Another memorable book from my own childhood. This book is about a Mexican girl named Esperanza who came from a wealthy family, when her father dies her and her mother fled to California. This is during the great depression and they are forced to live on a farm and her life completely changes. They are living in poverty and she has to adjust to her new life, she often dreams about being saved to go back to her old life. ( )
  ergoldie | Feb 15, 2024 |
Is it possible to fall in love with a book? This book made me smile, cry, become angry, had me remember, and just so much more. We travel the pages of this book with Esperanza and become part of the tale with her. As a Mexican American whose own family immigrated here, I can understand some of her story as it was that of my own parents. I think the author painted the story with just enough color to capture the reader's attention. This is a must-read. ( )
  AngelaYbarra | Jan 23, 2024 |
Showing 1-5 of 811 (next | show all)

» Add other authors (12 possible)

Author nameRoleType of authorWork?Status
Ryan, Pam MuñozAuthorprimary authorall editionsconfirmed
Cepeda, JoeIllustratorsecondary authorsome editionsconfirmed



Notable Lists

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Original title
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Aquel que hoy se cae, se levantará mañana.
He who falls today may rise tomorrow.

Es más rico el rico cuando empobrece que el pobre cuando enriquece.
The rich person is richer when he becomes poor, than the poor person when he becomes rich.

- Mexican proverbs
To the memory of Esperana Ortega Muñoz Hernandez Elgart, mi abuelita.

Baskets of grapes to my editor, Tracy Mack, for patiently waiting for fruit to fall.

Roses to Ozella Bell, Jess Marquez, Don Bell, and Hope Muñoz Bell for sharing their stories.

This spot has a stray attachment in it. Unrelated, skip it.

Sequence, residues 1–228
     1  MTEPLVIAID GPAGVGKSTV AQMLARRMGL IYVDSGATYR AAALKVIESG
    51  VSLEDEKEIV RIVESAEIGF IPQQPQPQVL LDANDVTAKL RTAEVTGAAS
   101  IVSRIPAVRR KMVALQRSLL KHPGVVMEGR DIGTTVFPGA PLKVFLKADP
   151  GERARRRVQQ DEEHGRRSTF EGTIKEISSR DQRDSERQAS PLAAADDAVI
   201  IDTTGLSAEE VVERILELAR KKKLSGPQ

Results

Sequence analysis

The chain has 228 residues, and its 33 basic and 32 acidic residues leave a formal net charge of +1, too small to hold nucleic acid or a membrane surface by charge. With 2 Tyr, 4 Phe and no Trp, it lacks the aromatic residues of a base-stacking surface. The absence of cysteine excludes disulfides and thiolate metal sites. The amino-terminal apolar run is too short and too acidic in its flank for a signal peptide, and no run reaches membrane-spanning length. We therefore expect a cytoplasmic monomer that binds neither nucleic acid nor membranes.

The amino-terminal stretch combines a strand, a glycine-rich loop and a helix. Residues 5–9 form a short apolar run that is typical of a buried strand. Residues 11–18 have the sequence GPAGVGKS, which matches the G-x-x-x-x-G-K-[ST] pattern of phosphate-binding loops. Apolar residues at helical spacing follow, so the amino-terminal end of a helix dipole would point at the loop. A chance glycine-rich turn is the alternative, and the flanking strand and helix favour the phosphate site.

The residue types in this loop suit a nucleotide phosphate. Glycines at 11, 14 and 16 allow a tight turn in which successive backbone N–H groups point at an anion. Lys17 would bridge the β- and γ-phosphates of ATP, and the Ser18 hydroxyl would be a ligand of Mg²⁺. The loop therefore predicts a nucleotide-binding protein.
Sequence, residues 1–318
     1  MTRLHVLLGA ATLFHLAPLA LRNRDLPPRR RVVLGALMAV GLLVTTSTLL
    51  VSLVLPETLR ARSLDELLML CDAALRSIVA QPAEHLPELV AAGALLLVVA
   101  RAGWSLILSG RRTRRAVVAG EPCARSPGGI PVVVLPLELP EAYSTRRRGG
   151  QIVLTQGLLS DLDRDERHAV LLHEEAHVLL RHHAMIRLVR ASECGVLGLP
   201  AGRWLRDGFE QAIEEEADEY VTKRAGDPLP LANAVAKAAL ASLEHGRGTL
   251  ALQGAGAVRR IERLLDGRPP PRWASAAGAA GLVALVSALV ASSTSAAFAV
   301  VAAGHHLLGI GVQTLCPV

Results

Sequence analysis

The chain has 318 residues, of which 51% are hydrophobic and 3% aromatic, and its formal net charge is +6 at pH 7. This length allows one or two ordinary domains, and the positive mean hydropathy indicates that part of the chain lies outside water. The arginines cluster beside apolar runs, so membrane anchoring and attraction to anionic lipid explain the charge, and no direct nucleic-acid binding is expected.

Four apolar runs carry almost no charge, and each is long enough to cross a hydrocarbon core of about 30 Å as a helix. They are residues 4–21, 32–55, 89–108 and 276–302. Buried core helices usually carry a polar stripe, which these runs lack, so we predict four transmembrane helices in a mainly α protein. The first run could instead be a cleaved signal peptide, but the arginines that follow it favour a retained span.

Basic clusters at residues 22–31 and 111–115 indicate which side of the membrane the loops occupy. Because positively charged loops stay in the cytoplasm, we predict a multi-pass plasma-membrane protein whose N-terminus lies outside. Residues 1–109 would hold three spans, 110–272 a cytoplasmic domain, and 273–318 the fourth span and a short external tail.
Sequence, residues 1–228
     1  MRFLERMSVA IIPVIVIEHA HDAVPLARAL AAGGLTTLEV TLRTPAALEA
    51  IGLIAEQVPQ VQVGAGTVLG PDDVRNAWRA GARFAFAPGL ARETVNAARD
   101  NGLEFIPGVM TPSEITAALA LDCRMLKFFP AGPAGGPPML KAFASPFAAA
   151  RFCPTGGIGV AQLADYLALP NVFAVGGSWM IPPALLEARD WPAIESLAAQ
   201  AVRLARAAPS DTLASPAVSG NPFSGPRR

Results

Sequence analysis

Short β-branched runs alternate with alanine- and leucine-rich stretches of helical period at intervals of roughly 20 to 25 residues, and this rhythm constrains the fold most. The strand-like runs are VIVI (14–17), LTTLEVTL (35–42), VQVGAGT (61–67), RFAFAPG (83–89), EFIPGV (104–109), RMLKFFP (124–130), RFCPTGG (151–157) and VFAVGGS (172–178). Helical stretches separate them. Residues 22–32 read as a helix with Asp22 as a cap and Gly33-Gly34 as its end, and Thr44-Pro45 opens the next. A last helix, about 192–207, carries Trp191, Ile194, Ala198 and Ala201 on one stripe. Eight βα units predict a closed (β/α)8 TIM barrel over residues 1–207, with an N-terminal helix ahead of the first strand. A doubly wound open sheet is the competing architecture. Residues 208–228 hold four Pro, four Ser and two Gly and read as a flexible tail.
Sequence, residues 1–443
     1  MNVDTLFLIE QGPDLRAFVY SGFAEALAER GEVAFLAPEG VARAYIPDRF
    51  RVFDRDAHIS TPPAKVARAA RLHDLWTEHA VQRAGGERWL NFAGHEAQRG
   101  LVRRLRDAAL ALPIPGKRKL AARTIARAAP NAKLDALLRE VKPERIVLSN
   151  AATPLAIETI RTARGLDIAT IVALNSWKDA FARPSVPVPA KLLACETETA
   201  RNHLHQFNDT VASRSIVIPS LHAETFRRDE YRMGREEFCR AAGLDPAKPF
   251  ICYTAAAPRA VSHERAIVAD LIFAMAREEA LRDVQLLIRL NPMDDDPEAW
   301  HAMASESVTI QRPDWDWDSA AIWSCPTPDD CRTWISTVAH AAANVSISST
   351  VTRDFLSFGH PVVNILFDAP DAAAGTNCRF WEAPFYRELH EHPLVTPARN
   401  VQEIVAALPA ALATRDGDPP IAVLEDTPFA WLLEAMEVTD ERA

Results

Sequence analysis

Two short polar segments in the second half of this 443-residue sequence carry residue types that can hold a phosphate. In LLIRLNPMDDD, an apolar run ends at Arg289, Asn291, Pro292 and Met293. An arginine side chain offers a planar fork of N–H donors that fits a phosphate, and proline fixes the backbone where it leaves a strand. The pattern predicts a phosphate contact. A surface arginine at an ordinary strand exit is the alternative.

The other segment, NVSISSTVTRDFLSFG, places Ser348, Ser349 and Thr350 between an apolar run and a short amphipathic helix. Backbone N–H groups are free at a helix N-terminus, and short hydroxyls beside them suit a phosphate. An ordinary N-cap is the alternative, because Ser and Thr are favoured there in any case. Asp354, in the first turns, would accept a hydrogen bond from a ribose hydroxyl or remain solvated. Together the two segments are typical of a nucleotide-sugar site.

Smooth stones and yarn dolls to Ibabel Schon, PhD., and Leticia Guadarrama, Teresa Mlawerr, and Macarena Salas for their expertise and assistance.
First words
"Our land is alive, Esperanza," said Papa, taking her small hand as they walked through the gentle slopes of the vineyard.
Did you know that when you lie down on the land, you can feel it breathe? That you can feel it's heart beating?
"We are like the phoenix," said Abuelita. "Rising again, with a new life ahead of us."
Last words
(Click to show. Warning: May contain spoilers.)
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Wikipedia in English (1)

Esperanza and her mother are forced to leave their life of wealth and privilege in Mexico to go work in the labor camps of Southern California, where they must adapt to the harsh circumstances facing Mexican farm workers on the eve of the Great Depression.

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Book description
Esperanza grows up on a Mexican farm in a wealthy family. When her father is killed, she and her mother lose everything and must migrate to the US. There she must work and live as a poor immigrant. Finally, at the end, she and her family are reunited with her grandmother, who had to stay in Mexico due to injury.